Mistaken for a ….. once again

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You can’t say ‘no’

to a bloke in a wheelchair with one leg and a busted right eye

so I reached into my pocket

to pull out some coins

but then

he said he didn’t want money.

 

You got any grass? He said.

Weed? I answered. No.

Look at me.

You’re asking the wrong guy.

 

That’s the third time in two years I’ve been mistaken

for a druggie.

Perhaps it’s that flannelette shirt and the

Faraway look I’ve had

since I was a kid.

Maybe I should wear sunnies.

The Lady in the Glove Box

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When I wait for her to do a spot of shopping

I wait in the car.

When she’s getting ready to go out,

I wait in the driveway, the sun

like a lamp. with my stash of magazines

between the seats:

my New Yorkers, National Geographics

and that lady in the glove box,

Olive Kitteridge.

It is my loo, my library, my study,

My five-seated reading room,

My Chapman’s Homer.

My car really takes me places.

 

 

What Happened Out There, Out in the Garden?

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Stephanie was out in the garden, chasing chooks out of the vegetable patch. She was some way from us, out on the back porch, so I was surprised that she responded to something I said.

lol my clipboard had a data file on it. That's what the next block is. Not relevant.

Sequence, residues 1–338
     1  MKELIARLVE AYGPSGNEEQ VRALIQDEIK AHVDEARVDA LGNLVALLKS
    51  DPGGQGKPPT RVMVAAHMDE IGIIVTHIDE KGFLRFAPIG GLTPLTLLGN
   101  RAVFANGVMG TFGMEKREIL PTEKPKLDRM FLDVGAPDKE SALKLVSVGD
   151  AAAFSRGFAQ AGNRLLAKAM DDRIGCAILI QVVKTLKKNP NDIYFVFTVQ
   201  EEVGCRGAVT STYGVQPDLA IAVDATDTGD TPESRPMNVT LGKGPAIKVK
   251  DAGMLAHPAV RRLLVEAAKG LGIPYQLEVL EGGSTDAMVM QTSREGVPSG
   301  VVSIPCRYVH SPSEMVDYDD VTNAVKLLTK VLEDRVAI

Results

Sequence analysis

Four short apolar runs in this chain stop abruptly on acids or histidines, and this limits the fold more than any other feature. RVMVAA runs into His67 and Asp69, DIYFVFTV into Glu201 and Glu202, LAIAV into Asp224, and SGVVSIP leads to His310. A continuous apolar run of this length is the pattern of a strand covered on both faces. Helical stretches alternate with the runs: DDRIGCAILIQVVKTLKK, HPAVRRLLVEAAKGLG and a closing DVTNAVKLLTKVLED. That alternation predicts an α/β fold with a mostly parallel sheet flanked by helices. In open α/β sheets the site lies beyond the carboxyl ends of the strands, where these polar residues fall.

“Yes. I remember when …” and then her voice seemed to get swallowed up.

”What’s that?” I said.

But she stood there helplessly waving her hands as if signalling to us to disregard what she had to say and to carry on our conversation. We did and when my friend left, Stephanie came over and sat beside me.

“What happened out there?” I asked. “Out in the garden?”

“What I was about to say got swallowed up,” she said.

“Like in a sinkhole?” I said. They had been in the news lately.

“Like in a sinkhole.”

“It’s all right,” I said. “Tell me when you remember.”

Lost

 

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I met him on a winding path beneath the bridge

leading to the zoo. I had lost my girl. He had lost

the plot though I did not know it then.

 

We talked briefly beside the banisters as a blue

Kayak passed us by. Before his accomplishments —

his CV baggy with published poems — I

 

was lost for words. I blubbered something

about his latest book. “Take care,” I remember him

saying. “He’s always had his head in the clouds”,

 

a fellow poet once said of him. Perhaps that’s why

a week later he climbed to the roof of a big city hotel

and stepped off.